The com­pa­ny is now push­ing for­ward with boost­er can­di­dates to ad­dress con­cern­ing vari­ants, which were shown to elic­it neu­tral­iz­ing titers in mice that were sim­i­lar to those pro­duced against the orig­i­nal virus.

“There’s a lot of things that I think we are do­ing dif­fer­ent­ly as we look for­ward, which is why I think we can re­al­ly com­press the time­lines of vac­cine de­vel­op­ment,” Ban­cel said. “I think the agency and the in­dus­try learned a lot last year.”

How Pa­tients with Epilep­sy Ben­e­fit from Re­al-World Da­ta

Amanda Shields, Principal Data Scientist, Scientific Data Steward

Keith Wenzel, Senior Business Operations Director

Andy Wilson, Scientific Lead

Real-world data (RWD) has the potential to transform the drug development industry’s efforts to predict and treat seizures for patients with epilepsy. Anticipating or controlling an impending seizure can significantly increase quality of life for patients with epilepsy. However, because RWD is secondary data originally collected for other purposes, the challenge is selecting, harmonizing, and analyzing the data from multiple sources in a way that helps support patients.

$DNA is once again on NYSE; FDA clears Soliris chal­lenger for the mar­ket; Flag­ship’s think­ing big again with eR­NA; and more

Welcome back to Endpoints Weekly, your review of the week’s top biopharma headlines. Want this in your inbox every Saturday morning? Current Endpoints readers can visit their reader profile to add Endpoints Weekly. New to Endpoints? Sign up here.

I still remember the uncertainty in the air last year when nobody was sure whether ASCO would cancel their in-person meeting. But it’s now back again for the second virtual conference, and Endpoints News is here for it. Check out our 2-day event reviewing the landscape of cancer R&D and send news our way.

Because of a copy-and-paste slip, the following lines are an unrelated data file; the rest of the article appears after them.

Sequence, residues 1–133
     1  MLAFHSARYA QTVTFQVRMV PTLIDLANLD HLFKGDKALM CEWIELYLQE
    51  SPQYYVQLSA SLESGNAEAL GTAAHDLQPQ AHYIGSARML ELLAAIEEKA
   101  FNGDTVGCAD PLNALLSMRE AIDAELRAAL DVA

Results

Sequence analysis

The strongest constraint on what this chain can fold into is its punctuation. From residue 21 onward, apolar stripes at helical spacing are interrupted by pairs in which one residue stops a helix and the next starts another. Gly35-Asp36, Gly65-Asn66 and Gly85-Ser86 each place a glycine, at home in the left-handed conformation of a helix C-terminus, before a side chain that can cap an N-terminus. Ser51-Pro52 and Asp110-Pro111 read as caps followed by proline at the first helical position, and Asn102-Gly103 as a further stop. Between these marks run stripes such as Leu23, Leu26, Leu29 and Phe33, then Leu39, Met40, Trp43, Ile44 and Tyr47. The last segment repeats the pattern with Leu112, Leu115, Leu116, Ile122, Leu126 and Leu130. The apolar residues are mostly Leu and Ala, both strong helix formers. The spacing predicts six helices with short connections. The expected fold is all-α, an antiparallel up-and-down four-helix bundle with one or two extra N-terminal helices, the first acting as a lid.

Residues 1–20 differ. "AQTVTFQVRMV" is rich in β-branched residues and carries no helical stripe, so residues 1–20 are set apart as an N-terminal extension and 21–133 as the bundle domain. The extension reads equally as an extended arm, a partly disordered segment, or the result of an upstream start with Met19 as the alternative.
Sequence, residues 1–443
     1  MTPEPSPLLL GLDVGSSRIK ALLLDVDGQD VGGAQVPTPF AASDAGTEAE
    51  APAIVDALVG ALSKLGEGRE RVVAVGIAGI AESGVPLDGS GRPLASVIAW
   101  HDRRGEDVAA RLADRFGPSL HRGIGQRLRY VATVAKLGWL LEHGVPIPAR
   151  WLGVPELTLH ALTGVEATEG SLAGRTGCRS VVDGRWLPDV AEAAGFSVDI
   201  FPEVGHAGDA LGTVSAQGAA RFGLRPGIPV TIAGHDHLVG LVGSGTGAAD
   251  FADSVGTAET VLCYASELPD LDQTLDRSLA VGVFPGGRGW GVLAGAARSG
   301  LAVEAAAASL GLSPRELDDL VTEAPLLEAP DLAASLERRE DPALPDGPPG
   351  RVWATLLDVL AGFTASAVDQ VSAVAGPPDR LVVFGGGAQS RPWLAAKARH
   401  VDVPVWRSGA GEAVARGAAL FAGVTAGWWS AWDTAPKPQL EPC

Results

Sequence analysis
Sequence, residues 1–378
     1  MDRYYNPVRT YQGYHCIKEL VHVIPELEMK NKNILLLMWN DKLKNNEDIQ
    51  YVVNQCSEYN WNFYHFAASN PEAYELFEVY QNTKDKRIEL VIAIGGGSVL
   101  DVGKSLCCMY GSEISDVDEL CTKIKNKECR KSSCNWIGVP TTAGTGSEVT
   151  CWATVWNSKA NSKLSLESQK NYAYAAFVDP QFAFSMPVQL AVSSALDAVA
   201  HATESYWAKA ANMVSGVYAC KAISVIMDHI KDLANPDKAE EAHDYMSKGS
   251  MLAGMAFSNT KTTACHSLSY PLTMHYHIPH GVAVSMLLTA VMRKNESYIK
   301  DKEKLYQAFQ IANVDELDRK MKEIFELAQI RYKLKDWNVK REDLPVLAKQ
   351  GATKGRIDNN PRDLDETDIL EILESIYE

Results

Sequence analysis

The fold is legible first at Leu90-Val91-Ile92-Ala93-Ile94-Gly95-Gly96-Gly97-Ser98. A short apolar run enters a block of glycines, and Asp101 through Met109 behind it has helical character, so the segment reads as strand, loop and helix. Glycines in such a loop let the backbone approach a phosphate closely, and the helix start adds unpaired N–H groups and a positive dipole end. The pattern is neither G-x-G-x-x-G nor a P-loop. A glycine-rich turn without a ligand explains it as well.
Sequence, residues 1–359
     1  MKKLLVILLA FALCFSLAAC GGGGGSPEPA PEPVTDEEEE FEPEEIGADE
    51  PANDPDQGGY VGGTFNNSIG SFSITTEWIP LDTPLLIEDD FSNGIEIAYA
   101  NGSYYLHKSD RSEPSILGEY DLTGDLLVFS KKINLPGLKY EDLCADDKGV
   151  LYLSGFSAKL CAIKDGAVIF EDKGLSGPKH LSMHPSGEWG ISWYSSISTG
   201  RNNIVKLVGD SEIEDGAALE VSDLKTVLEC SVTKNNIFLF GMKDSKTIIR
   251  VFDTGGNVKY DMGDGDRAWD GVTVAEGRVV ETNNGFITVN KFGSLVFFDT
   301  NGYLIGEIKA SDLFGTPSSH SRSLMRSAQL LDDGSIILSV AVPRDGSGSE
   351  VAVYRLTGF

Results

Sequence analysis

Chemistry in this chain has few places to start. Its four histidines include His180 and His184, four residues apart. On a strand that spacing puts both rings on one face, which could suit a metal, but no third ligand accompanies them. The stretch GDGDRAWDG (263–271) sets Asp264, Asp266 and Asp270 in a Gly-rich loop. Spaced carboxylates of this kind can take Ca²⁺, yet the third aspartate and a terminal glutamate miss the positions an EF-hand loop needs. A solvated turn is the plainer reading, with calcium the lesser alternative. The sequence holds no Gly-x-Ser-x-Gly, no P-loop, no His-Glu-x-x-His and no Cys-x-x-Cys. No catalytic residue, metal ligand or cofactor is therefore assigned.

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Gene ther­a­py from Bio­gen's $800M buy­out flops in mid-stage study, deal­ing blow to new am­bi­tions

The #2 candidate from Biogen’s $800 million ocular gene therapy buyout has failed in a mid-stage trial, dealing an early blow to the big biotech’s plans to revitalize its pipeline with new technologies.

Biogen announced that the candidate, an experimental treatment for a rare and progressive form of blindness called X-linked retinitis pigmentosa (XLRP), failed to sufficiently improve vision in patients’ treated eye — patients only received an injection in one eye — after a year, on a standard scale, compared to their untreated eye. The company said they saw “positive trends” on several secondary endpoints, including visual acuity, but declined to say whether the trial actually hit any of those endpoints.

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BAR­DA slows its $9B en­gine for new Covid-19 ther­a­peu­tics

The Biomedical Advanced Research and Development Authority is cooling its jets in looking for new, potential Covid-19 treatments, at least in the near term.

An HHS spokesperson told Endpoints News via email, “to date, BARDA has obligated more than $9 billion for the development and/or purchase of 13 therapeutics, beginning in February 2020 with support to develop Regeneron’s monoclonal antibody therapeutic. Therapeutics are an important element of the COVID-19 response, and we are focused on the programs currently underway and/or in negotiation using the funds available to us.”

Bris­tol My­ers backs up its case for heart drug mava­camten as FDA weighs app in car­diomy­opa­thy